• ADMINISTRATION OF TRUST – LAW 556PREPARED BY AHMAD FAROUQ AMIR (2010313869) Demonstrative legacy is a hybrid between specific and general legacy. It is a gift which is general in nature but which is directed to be satisfied primarily out of a specified fund or specified part of the testator’s property. In the case of Ashburner v Macguire where the bequest was of the interest to his sister for life and the principal of the said bond, on the deceased of his sister to her four daughters. The debtor became bankrupt and the testator received a small dividend in his lifetime. There were other dividend paid to the creditors after the testator’s death. There was also in the case a bequest in these words. ‘ I bequeath to Mr Wm, Beauses, my capital stock of 1000 in the India’s Company Stock.’ The testator had exactly 1000 stock at the time of making his will and no more but sold out the whole of it before his death. No legacy arose as to his legacy of the stock. The Lord Chancellor aid no claim countenanced that claim. The legacy was gone. The bequest was considered to be specific of the stock, not pecuniary with reference to a fund. 7.2 The Application In his will, Robert had left RM 100,000 in his CIMB Bank account to his brother, Joe. This is a demonstrative legacy since it is to be satisfied out of the testator’s fund which is Robert’s CIMB saving’s account. However by the virtue of Ashburner v Macguire, since the bequest is specific in nature, that is, Robert’s CIMB savings account. 7.3 Conclusion Joe is only entitled to RM 50,000 not RM 100,000 as specified in the will. This is because, the balance in the CIMB bank account is only RM 50,000. Thus it is not sufficient to pay to Joe the specified amount of the will. This is by the virtue of Ashburner v Macguire and Demonstrative Legacy. 6|Page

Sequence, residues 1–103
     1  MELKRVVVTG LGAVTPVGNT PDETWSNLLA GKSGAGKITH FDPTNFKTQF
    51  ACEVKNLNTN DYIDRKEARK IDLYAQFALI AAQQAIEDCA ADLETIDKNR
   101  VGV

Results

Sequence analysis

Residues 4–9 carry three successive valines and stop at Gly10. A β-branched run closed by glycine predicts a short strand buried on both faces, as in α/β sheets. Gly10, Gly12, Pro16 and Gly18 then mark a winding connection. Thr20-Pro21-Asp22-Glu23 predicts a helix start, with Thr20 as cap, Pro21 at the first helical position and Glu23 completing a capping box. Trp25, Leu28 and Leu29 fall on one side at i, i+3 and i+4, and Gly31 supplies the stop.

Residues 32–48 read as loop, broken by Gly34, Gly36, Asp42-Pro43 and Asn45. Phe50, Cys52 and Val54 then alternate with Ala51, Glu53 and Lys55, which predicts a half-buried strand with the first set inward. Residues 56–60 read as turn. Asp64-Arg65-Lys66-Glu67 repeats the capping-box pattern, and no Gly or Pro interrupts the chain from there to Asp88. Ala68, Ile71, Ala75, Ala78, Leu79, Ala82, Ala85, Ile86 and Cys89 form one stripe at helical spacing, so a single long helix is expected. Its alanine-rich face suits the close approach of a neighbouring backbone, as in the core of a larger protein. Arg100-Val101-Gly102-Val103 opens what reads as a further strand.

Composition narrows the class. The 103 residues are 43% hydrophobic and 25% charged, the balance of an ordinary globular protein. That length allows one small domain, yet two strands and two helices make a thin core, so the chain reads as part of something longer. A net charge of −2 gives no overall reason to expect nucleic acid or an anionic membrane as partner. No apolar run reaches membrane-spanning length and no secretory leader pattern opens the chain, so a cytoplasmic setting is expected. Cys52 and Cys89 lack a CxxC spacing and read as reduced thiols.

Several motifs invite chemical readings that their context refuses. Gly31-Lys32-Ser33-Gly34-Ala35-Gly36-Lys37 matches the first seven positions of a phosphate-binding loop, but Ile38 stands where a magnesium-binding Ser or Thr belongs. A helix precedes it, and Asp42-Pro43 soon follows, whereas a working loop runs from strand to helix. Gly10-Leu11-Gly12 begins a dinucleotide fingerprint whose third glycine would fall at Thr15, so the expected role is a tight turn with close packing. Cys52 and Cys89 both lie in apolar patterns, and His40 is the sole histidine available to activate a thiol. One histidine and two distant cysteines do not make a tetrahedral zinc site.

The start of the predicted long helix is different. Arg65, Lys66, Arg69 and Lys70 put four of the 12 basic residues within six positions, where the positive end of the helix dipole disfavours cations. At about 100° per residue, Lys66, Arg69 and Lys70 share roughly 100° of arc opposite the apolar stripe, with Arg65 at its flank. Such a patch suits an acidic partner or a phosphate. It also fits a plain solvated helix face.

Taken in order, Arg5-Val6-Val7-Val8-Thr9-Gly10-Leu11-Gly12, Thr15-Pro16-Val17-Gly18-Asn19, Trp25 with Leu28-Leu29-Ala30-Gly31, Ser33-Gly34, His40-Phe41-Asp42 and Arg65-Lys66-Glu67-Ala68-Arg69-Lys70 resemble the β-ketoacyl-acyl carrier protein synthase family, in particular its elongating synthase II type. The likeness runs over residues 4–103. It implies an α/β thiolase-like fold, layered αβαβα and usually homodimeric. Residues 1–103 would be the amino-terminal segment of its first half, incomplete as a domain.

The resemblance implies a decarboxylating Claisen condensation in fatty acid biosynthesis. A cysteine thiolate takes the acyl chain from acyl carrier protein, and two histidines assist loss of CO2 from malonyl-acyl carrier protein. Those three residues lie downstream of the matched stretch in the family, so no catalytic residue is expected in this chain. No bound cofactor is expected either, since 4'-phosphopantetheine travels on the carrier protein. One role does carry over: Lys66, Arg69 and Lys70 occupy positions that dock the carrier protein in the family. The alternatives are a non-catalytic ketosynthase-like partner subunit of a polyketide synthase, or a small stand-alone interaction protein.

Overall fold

• ADMINISTRATION OF TRUST – LAW 556PREPARED BY AHMAD FAROUQ AMIR (2010313869) 8. Fourth Issue - Whether Kevin is entitled to 10,000 shares. 8.1 The Law It has to be determined whether the shares given by Robert is a specific gift or general gift. Specific Gift is a gift for a special item. It has two characteristic : a) It forms a special part of the testator’s estate at the date of his death b) That specified part of the testator’s estate can be served from the rest of the testator’s estate. A precondition is that the beneficiary should survived the testator in order to take the benefit, or else the gift will lapse. The exeptions to the Doctrine of Lapse, whereby, a gift to a predeceased person will not lapse if he/she left behind an issue. General Gift is a gift not of particular item but of something which is to be provided out of the testator’s general estate. It need not form part of the testator’s property at the time of his death. Section 18 of the Wills Act specifies that wills should be construed to speak from the death of the testator. It is to take effect as it has been executed immediately after the testator death unless a contrary shall appear by the will. 8.2 The Application The 10,000 shares bequeathed to Robert’s brother, Kevin is a general gift since it did not specify the details of share to be given to Kevin. By the virtue of Section 18, Kevin is entitled to the shares since it was Robert’s intention to bequeath the shares irrespective of which ever share. He did not make other intention in his will. 8.3 Conclusion The fact stated that originally Robert had 10,000 shares when he made the will. However he had sold 5000 of the shares in Sime Darby Bhd during his lifetime. Then Robert bought 5000 shares in Nestle thus leaving a remainder of 10,000 shares after his death. Kevin is entitled to this remaining 10,000 shares since 7|Page